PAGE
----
Pressing need for a viable vaccine underlines necessity of cooperation
By Josef Gregory Mahoney  ·  2020-09-19  ·   Source: NO.39 SEPTEMBER 24, 2020
Scientists work at a COVID-19 vaccine laboratory in Argentina on August 14 (XINHUA)

While a number of countries have made progress in containing and controlling the novel coronavirus disease (COVID-19), even moving forward cautiously with "new normals" sans masks in public spaces, and restarted economies and in-person schools, the global situation remains dire. In September, the World Health Organization (WHO) reported the highest single-day increase in global infections since the pandemic began. In the U.S., universities alone reported 45,000 new cases in the first few weeks of the fall semester and top health expert Anthony Fauci, responding publicly to optimism from President Donald Trump, countered by saying the situation in America has not yet "rounded the corner."

It has become increasingly evident that some countries lack the national capacity or will to control the virus, and thus are banking on effective vaccine development and distribution. Indeed, as long as the virus is uncontrolled in any single jurisdiction it poses a global threat. Consequently, even those countries capable of control consider a vaccine necessary to protect themselves from subsequent resurgence of infection from foreign arrivals.

Research updates

Several media outlets are running real-time vaccine updates sites, and with almost two dozen publicly known efforts underway, the constant trickle of developments makes it difficult to determine where precisely "we" are in terms of having a vaccine. There are some indications that a vaccine might be available for some people as early as later this year or more broadly by mid-2021, but who precisely, where precisely, and when precisely remain as uncertain as whether any of them will actually work and do more good than harm.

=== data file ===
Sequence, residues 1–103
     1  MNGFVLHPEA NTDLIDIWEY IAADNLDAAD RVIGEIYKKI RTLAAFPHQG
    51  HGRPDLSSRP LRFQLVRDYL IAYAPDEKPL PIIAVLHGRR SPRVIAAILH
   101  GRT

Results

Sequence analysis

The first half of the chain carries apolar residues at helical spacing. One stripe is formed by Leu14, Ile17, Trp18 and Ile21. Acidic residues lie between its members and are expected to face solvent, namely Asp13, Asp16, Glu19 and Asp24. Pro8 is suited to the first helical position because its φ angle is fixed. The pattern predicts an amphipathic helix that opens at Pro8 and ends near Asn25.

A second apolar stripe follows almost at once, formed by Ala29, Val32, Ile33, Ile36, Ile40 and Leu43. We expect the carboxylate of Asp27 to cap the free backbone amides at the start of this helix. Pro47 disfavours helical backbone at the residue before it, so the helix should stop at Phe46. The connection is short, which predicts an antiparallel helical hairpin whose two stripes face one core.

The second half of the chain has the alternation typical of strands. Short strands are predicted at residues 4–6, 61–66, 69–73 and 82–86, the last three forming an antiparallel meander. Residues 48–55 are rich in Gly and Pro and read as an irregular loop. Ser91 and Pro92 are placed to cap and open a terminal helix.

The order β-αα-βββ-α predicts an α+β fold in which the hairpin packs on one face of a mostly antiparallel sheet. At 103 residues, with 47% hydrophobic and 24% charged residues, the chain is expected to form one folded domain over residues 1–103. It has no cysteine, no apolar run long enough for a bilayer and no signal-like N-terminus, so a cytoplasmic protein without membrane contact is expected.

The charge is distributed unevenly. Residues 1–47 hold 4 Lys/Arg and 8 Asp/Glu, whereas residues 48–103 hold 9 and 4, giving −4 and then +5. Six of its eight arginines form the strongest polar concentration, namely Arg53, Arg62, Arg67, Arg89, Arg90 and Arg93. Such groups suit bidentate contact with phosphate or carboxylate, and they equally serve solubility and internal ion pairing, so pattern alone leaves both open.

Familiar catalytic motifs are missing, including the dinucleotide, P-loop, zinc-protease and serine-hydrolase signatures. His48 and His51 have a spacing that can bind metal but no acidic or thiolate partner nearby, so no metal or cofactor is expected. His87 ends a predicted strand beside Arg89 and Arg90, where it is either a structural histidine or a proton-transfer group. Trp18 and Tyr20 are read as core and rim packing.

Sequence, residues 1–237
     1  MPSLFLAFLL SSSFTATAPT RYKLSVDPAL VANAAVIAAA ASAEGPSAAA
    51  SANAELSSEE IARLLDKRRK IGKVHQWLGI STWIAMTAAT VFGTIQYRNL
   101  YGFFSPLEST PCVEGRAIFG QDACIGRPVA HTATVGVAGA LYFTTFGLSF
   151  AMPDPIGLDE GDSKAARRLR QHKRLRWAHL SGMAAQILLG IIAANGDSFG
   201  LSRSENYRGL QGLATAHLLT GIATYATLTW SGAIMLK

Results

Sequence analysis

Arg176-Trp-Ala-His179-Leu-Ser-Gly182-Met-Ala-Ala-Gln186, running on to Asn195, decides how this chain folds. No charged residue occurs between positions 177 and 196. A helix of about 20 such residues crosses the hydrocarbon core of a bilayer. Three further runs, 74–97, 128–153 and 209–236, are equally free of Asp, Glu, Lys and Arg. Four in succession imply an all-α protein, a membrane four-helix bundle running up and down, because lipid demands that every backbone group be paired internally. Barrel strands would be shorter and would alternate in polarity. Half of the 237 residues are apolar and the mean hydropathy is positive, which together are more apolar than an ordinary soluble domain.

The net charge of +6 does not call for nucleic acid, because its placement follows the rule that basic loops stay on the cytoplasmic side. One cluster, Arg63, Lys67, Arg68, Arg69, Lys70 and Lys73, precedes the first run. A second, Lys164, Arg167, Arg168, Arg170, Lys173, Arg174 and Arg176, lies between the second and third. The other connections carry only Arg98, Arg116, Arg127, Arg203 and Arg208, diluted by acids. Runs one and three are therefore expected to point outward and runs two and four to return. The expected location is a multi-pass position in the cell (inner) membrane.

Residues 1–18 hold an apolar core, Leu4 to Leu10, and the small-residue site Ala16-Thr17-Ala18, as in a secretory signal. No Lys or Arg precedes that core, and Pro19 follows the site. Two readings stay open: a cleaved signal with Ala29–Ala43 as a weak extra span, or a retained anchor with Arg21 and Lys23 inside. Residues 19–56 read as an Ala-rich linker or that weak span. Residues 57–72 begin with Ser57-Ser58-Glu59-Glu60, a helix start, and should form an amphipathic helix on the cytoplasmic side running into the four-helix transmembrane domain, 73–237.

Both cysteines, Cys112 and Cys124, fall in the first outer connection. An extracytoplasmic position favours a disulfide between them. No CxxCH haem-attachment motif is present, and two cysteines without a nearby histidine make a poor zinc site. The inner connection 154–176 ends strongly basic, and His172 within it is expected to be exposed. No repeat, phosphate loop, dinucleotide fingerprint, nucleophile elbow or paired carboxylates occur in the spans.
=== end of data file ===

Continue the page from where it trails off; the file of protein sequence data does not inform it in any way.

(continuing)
COVID-19, like other coronaviruses, is tricky when it comes to vaccine development. Multi-year efforts to develop vaccines for the severe acute respiratory syndrome and the Middle East respiratory syndrome have not been successful yet given the specific ways these RNA viruses infect human cells. More importantly, it is difficult to create effective vaccines for diseases attacking the upper respiratory tract that don't in turn create adverse reactions worse than the disease itself.

Further, new vaccines aiming at a virus that mutates quickly always face challenges. In COVID-19 these challenges are acute. For example, some studies indicate that its antibodies decay rapidly, within three months by some estimates, particularly among those who experienced mild forms of infection, and there's no evidence yet that they ever confer immunity from a second infection. It's not yet clear what this means for potential vaccine efficacy, but we do know that many of the vaccines currently under development require more than one dose.

Given the peculiarities of the disease and in many cases the competitive and non-cooperative approaches of some countries and companies, we might still be years from an effective global vaccine solution even if some viable vaccines emerge sooner. More pessimistic assessments suggest COVID-19 might be with us a lot longer than we hope—that we might have to learn to live with it as we have with other diseases like HIV/AIDS.

With that in mind, there have been some promising developments in learning how the disease attacks the body and why it affects some people worse than others. They have suggested new treatments that are currently being developed. It might well be the case that the arrival of a safe and effective vaccine will be outpaced by the development of a cure, and we might ultimately conclude that it is safer and easier to treat the disease than prevent infection. While the term "vaccine" has more cachet in contemporary discourse than "treatment," progress on either front will be welcomed. That said, we know that simple behavioral adjustments like wearing masks, washing hands, social distancing and self-quarantining significantly reduce incidence rates.